• In 2017, the first-ever All India Institute of Ayurveda was launched along the lines of AIIMS, New Delhi, for creating synergies between the traditional wisdom of Ayurveda and modern technologies. Cleanliness is crucial for preventing diseases. Following the implementation of the Swachh Bharat Abhiyan, nearly 100 per cent of households in rural India now have access to a toilet, compared to merely 29.1per cent in 2005-06.
  • The battle against Tuberculosis (TB) has also been escalated through the launch of a new National Strategic Plan in 2017. The thrice weekly treatment regimen has been changed to a daily fixed-dose drug regimen and a sum of Rs. 600 crore has been allocated for providing nutritional support to TB patients in the Union Budget 2018-19. Going forward, the establishment of dedicated public health cadres by States needs to be prioritised with training imparted on critical skills such as the ability to integrate health with its social determinants, carry out community surveillance, analyse data and enable public participation, disseminate health promotion information and effect behaviour change.
  • To build a robust primary healthcare system, the government has announced the setting up of 150,000 Health and Wellness Centres (HWCs) between 2018 and 2022 under the Ayushman Bharat initiative. Currently, over 27,000 HWCs are operational across the country. Historically, only a selective package of services has been provided at the primary care level in India, however, the HWCs will deliver a comprehensive package of diagnostic, curative, rehabilitative and palliative services for communicable as well as non-communicable diseases. Moreover, the Centres will provide diagnostics and drugs free of cost which will have a direct impact on controlling out-of-pocket expenditures. Currently, over 55 per cent of India's out-of-pocket expenditure is on outpatient care, of which drugs constitute the biggest component.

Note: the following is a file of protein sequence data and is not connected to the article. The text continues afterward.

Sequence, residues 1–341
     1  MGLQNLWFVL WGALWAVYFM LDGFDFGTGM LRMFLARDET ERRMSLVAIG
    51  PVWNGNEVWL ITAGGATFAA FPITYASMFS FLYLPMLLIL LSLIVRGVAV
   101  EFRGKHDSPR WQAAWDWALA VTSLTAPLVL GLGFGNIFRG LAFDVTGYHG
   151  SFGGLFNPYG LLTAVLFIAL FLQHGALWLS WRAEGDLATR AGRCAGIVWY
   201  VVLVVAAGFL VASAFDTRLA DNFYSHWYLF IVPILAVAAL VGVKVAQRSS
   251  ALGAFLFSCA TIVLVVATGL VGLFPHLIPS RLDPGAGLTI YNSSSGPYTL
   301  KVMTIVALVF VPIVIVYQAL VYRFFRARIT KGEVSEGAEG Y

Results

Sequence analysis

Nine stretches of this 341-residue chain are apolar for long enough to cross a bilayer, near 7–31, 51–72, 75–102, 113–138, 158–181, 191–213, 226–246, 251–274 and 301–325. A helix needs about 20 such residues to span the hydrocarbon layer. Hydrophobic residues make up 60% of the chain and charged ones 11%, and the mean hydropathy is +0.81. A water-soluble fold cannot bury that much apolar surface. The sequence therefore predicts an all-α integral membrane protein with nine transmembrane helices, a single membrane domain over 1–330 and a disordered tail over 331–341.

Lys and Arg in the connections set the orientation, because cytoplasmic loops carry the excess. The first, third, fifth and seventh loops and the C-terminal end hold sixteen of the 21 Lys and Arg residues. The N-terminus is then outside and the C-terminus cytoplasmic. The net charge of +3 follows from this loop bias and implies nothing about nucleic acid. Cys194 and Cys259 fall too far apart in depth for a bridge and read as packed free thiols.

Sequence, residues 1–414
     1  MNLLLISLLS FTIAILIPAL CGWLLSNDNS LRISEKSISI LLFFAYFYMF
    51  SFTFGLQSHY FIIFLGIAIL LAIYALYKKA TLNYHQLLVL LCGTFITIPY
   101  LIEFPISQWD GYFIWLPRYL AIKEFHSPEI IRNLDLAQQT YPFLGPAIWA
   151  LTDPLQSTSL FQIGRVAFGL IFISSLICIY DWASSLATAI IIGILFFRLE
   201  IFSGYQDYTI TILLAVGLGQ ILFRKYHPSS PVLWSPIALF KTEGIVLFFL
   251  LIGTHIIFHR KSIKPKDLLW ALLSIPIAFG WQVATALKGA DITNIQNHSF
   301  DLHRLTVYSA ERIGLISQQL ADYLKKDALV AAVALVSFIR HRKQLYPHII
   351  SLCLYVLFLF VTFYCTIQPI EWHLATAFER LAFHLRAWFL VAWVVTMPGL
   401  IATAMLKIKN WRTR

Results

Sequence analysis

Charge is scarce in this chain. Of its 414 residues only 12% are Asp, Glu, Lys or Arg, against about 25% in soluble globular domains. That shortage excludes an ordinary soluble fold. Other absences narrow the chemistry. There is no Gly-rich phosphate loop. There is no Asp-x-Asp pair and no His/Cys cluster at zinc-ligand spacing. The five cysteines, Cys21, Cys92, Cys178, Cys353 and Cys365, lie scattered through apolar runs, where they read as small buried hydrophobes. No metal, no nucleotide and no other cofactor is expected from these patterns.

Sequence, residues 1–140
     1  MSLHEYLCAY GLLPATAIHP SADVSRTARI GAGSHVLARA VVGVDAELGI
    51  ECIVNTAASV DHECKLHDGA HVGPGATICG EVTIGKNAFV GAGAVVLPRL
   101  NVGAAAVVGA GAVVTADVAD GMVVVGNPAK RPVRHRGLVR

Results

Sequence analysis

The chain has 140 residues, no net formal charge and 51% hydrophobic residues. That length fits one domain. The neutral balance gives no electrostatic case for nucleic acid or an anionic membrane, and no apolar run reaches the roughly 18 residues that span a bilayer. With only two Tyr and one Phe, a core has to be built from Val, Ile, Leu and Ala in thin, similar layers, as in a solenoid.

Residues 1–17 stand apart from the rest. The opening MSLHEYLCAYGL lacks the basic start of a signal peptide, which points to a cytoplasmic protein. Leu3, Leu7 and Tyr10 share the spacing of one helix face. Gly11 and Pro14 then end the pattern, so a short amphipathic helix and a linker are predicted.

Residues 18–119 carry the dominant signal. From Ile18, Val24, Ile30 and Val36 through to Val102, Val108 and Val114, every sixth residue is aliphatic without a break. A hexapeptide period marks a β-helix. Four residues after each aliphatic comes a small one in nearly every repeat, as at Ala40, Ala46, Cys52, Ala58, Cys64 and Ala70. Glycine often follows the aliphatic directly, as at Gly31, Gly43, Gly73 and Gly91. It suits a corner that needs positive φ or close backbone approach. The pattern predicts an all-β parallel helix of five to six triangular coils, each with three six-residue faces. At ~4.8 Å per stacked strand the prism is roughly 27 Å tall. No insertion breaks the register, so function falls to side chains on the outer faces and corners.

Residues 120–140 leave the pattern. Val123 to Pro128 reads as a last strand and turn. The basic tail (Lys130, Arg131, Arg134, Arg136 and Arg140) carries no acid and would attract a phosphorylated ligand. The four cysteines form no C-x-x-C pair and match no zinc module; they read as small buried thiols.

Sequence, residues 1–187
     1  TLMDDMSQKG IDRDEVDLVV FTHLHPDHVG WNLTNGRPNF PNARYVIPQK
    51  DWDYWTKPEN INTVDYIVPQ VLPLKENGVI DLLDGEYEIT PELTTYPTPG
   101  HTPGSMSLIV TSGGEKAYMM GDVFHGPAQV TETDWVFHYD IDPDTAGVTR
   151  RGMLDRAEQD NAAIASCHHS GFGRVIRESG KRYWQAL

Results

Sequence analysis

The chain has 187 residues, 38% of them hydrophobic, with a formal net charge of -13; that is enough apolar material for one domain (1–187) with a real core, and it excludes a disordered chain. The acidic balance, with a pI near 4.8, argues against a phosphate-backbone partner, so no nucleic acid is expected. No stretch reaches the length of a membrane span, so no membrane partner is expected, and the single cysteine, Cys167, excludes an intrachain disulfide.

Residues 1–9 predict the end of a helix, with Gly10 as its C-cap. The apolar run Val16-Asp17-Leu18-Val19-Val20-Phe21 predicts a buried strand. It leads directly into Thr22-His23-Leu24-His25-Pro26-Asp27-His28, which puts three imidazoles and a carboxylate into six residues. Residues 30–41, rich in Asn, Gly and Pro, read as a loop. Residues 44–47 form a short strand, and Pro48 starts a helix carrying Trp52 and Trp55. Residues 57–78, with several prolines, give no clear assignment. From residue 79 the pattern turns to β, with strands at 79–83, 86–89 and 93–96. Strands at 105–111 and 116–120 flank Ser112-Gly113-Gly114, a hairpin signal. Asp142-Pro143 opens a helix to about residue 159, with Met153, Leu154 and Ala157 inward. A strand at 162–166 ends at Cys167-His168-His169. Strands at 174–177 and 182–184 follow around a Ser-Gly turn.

Secondary and Tertiary Healthcare:

  • The second pillar of Ayushman Bharat is the Pradhan Mantri Jan Arogya Yojana (PM-JAY) which will provide 10 crore of the poorest and most vulnerable families in the country an annual cover of Rs. 5 lakh per annum for hospitalization related expenses.
  • By consolidating multiple health insurance schemes under PM-JAY, the government is taking a major step towards 'One Nation One Scheme' which will ultimately ensure that all citizens can access a common package of secondary and tertiary health services regardless of the State in which they reside. Thus far, 19,624 hospitals have been empanelled under PM-JAY and over 70 lakh patients have been admitted.

Human Resources for Health:

  • We cannot build a world-class health system without first investing in a world-class medical education system. Earlier this year, the government enacted the landmark National Medical Council Act 2019 for overhauling medical education in India. Central and State government medical colleges are being upgraded to add 10,000 undergraduate and 8,058 postgraduate seats by 2020-21, ensuring the presence of at least one medical college for every 3-5 Parliamentary Constituencies and at least one in every State.
  • Similar efforts are also underway for producing the requisite number of skilled nursing professionals through the setting up of 112 Auxiliary Nursing and Midwifery schools and 136 General Nursing Midwifery schools in underserved districts of the country. Further, minimum qualifications for teachers in medical institutions have been rationalized for the Diplomate of National Board. This is expected to expand the pool of candidates eligible for appointment as faculty by 3700 a year.